2009-08-21 / Top Stories

LIPA Says Ready For Hurricane Season

As Long Island enters the height of the 2009 hurricane season, the Long Island Power Authority (LIPA) and National Grid are storm ready and are already monitoring storm activity in the tropics.

Hurricane Bill has the potential to strengthen to a major hurricane off the coast of Bermuda by Saturday morning.

In July, LIPA and National Grid conducted its Joint Annual Hurricane Preparedness Drill, which was monitored by the New York State Office of Emergency Management and the emergency management offices of Nassau and Suffolk counties.

"LIPA has invested in our electric grid and has strengthened the transmission and distribution system in an effort to restore our system quickly and as safely as possible in the event of a hurricane," said LIPA President and CEO Kevin S. Law.

In preparation for a storm event LIPA and National Grid begin tracking major storms days before they near Long Island. As a major storm or hurricane approaches the region, LIPA takes steps to respond quickly to storm-related outages.

For customer service, "21st Century," an automatic reporting system that can process more than 100,000 customer calls per hour, can be activated.

Outages are automatically electronically recorded and reported to system operators to start the restoration process by assigning a job ticket to the reported outage.

In addition to the line crews, all employees have a second job if a major storm strikes and are trained for storm emergency assignments, and personnel work extended shifts around the clock to complete all service restorations as quickly as possible.

LIPA's Storm Center at http://www.- lipower.org/stormcenter is available 24/7 for updates, outage information and storm restoration progress reports.

To help minimize storm damage to LIPA's electric system, LIPA's Forestry program works throughout the year to identify and trim tree limbs in rightsof way and along easements that could potentially cause outages during or after a storm. Additionally, customers are urged to have trees on private property surveyed independently to be assured that their trees or bushes are not experiencing dangerous and weakening rot. Tree limbs that come in contact with electric lines remain the major cause of customer outages during storms, accounting for over 90 percent of all service disruptions. For more information on LIPA's Forestry program, please visit LIPA's Web site at http://www.lipower.org/community.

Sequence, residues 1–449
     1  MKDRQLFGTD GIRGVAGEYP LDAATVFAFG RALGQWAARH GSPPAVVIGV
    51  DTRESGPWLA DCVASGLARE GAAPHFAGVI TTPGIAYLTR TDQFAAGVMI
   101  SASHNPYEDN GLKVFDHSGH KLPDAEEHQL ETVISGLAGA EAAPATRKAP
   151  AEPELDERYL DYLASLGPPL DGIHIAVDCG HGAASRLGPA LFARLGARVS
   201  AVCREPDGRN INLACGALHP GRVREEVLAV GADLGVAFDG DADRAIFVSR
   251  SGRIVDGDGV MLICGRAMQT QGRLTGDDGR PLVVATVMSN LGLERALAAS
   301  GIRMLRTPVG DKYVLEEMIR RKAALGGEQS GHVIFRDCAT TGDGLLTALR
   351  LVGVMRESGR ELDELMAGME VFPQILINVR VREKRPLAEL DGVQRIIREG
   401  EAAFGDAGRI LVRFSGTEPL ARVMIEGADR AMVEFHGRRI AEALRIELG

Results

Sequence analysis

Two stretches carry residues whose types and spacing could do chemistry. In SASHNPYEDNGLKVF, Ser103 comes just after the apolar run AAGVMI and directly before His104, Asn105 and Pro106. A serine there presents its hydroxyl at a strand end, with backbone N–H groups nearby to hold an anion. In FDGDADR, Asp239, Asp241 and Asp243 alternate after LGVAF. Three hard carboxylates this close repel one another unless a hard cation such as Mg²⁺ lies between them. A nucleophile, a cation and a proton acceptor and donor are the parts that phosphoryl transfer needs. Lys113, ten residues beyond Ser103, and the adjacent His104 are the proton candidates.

"Our greatest defense in an emergency situation is to be prepared," said Law. "Just as LIPA and National Grid's workforce readies all year long through drills and training classes, we hope that Long Islanders take this opportunity to create their own emergency plan."

In the event of a hurricane or tropical storm impacting Long Island, LIPA's electric customers are encouraged to follow these storm preparation recommendations to help ensure their family's safety and comfort:
* Put together a family hurricane
evacuation kit.
* Individuals with special needs or others
requiring more information
should contact their local emergency
management office.
* Have flashlights, battery-operated
radios and extra batteries on hand.
* Know the hurricane risks in your
area. Learn the storm surge history
and elevation of your area.
* Learn safe routes inland.
* If your residence is in a potential
flood or storm surge zone, be prepared
to evacuate when officials recommend
* Make arrangements now for elderly
and others with special needs such
as those who depend on electric life
support devices.
* Inventory personal property; safely
secure all records and valuable documents
in a watertight place.
* Have material available to protect
your doors and windows.
* Learn the location of official shelters
for your family and pets.
* Ensure that enough non-perishable
food and water supplies are on hand.
* Clear loose and clogged rain gutters
and downspouts.
* Keep trees and shrubbery trimmed
of dead wood.
* Determine where to move a boat in
an emergency.

If a hurricane or major tropical storm damages the region, Long Islanders are strongly cautioned to stay away from downed power lines.

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